Well, it’s certainly an original idea.
A bride-to-be in the UK was so devastated at having lost her father to cancer just months before her August wedding that she decided to incorporate some of his ashes into her manicure on the big day.
Charlotte Walton, of Staffordshire, England, cooked up the idea with her cousin Kirsty Meakin after Walton’s father Mick passed away in April.
“I was heartbroken when he lost his battle because I knew how much he wanted to see us marry,” said Walton, The Sun reports.
“Having the ashes attached to my nails felt like he was holding my hand. I knew it wasn’t the same as him really being there, but it was as close as we could get,” she added.
Walton, 26, said she and now-husband Nick had even rushed their wedding plans so her father, Mick, would be able to take part, but sadly, it “wasn’t meant to be.”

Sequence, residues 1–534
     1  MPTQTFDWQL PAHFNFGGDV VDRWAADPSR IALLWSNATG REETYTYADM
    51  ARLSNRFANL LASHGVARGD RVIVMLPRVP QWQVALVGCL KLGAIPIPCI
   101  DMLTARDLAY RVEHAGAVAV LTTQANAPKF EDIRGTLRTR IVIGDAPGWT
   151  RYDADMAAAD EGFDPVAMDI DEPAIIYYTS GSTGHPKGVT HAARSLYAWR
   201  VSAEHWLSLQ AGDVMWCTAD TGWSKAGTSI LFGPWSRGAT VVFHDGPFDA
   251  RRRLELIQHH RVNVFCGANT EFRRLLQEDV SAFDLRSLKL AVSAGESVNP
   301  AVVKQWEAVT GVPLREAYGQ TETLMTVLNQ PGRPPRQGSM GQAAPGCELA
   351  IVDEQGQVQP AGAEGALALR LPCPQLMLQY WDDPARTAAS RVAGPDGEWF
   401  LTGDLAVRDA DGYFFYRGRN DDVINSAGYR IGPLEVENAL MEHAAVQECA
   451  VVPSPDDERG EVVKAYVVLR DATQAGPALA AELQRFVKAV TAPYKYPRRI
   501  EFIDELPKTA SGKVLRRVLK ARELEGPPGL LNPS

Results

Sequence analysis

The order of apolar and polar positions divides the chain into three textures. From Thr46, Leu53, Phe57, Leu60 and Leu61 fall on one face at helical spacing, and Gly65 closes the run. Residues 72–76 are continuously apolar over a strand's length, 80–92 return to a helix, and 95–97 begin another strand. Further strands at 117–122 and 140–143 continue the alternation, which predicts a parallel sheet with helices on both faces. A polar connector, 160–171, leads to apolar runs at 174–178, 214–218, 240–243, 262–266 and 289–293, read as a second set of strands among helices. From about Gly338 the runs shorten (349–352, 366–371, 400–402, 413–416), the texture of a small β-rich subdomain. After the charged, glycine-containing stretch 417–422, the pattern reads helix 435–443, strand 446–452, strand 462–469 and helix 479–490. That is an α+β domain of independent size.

Meakin, a popular nail artist who shares her tutorials online with 1.5 million YouTube followers, then presented Walton with a unique idea: mixing Mick’s ashes into the manicure.
“He obviously couldn’t be there at her wedding, and you know, he was such a massive part of our lives,” she said in the tutorial, which currently has over 50,000 views.
Meakin also explained how she and Walton sifted through “tiny bits of bone fragments” in Mick’s ashes, picking out some of the pieces to be mixed in with clear coating used atop Walton wedding nails.
“I got a bit nervous at this stage because I was thinking, ‘Oh my God, I’m actually putting part of my Uncle Mick into my cousin’s nails,” Meakin said in the video, calling the moment “surreal” and “emotional.”
Meakin’s efforts resulted in wedding nails with an almost glittery look — and a one-of-a-kind story.
“It was a unique thing to do but I loved it, I felt like he was able to walk me down the aisle, which I knew was something he really wanted to do,” the bride said.
Walton added that she has since removed and framed the faux nails as a keepsake to remember both her wedding day and her late father, according to the Sun.
“The wedding was incredible, and everyone loved the nails,” she said.